James Abbott McNeill Whistler (1834 -1903)
Reading by Lamplight. Etching, c1859.
Bookplate, 1902. Robert Hall, an avid collector of Kemscott Press books.
On the library table are Kelmscott works, including William Morris’s The Glittering Plain and his 1895 translation of Beowulf. All the books are clearly bound in the distinctive Kelmscott full limp vellum tied with silk ribbons. The Wood Beyond the World is open to show a Morris-designed woodcut border and frontispiece. Leaning against the bookcase is a copy of the 1896 edition of Chaucer.
A Curious Herbal
Notable both for its beautiful illustrations of medicinal plants and for the unusual circumstances of its creation.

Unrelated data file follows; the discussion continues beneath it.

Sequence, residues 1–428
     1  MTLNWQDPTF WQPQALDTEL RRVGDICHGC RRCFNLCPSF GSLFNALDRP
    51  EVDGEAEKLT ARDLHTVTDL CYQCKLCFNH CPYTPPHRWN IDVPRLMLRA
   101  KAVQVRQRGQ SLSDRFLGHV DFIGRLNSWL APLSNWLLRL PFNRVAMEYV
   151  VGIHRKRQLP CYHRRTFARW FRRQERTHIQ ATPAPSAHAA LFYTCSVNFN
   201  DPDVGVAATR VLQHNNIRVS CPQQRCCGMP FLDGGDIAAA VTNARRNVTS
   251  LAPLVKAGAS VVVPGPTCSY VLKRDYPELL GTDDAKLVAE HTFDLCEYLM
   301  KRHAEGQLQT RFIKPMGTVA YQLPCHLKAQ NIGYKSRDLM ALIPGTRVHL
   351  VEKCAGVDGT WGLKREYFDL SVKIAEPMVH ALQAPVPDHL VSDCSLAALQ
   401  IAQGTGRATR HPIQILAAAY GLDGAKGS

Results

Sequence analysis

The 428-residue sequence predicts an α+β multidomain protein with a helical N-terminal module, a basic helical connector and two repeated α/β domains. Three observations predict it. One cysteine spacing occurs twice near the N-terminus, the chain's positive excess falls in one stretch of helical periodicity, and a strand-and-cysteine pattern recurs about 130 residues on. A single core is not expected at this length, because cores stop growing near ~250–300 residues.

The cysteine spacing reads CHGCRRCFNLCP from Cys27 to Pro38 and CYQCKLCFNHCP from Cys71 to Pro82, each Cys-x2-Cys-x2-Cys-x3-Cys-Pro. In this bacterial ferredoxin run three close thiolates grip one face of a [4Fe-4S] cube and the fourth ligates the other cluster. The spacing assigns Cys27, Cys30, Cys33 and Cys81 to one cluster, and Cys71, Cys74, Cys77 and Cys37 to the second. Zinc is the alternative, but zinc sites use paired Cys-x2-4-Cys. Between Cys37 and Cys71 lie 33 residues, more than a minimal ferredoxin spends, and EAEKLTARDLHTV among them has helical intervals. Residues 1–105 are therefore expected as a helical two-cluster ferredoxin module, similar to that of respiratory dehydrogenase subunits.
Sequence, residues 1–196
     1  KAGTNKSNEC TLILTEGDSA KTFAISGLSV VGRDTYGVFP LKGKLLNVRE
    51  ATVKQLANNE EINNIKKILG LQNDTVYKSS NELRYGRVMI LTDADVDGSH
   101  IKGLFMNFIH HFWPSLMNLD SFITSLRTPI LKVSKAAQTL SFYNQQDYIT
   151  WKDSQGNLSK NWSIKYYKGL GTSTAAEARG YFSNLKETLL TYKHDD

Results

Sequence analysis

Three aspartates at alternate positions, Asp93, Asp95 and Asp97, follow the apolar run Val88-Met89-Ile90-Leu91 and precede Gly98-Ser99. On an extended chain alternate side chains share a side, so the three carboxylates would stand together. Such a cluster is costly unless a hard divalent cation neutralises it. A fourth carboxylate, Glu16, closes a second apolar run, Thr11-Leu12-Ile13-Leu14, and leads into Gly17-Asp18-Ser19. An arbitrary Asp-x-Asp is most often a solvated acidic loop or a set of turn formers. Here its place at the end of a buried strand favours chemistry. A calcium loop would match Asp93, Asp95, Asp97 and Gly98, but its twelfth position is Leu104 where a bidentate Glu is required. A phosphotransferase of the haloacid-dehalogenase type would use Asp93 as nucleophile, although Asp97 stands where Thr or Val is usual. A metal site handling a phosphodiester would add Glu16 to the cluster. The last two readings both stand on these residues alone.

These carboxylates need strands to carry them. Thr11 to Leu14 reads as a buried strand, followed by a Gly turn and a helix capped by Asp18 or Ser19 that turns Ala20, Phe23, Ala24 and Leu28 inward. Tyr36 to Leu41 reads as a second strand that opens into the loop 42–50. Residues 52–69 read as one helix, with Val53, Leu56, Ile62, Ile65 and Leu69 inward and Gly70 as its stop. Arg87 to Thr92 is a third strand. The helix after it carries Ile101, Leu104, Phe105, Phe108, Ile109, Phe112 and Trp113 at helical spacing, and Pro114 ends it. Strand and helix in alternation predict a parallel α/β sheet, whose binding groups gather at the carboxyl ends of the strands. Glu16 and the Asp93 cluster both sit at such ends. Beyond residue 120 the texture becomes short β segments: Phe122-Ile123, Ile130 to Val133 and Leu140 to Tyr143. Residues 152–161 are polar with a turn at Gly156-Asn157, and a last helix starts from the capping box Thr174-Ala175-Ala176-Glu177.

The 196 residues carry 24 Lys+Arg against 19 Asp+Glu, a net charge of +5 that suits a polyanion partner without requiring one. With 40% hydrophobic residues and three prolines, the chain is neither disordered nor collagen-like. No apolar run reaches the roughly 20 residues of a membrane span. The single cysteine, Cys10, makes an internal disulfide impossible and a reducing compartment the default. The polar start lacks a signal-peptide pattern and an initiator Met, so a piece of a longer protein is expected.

Elizabeth Blackwell was a Scottish botanical illustrator and author who was best known as both the artist and engraver for the plates of “A Curious Herbal”, published between 1737 and 1739. The book illustrated many odd-looking and unknown plants from the New World, and was designed as a reference work on medicinal plants for the use of physicians and apothecaries.
Blackwell undertook this ambitious project to raise money to pay her husband’s debts and release him from debtor’s prison. She drew, engraved, and colored the illustrations herself, mostly using plant specimens from the Chelsea Physic Garden in London.
It was an artistic, scientific and commercial enterprise unprecedented for a woman of her time.
[ source: Turning the Pages - National Library of Medicine ]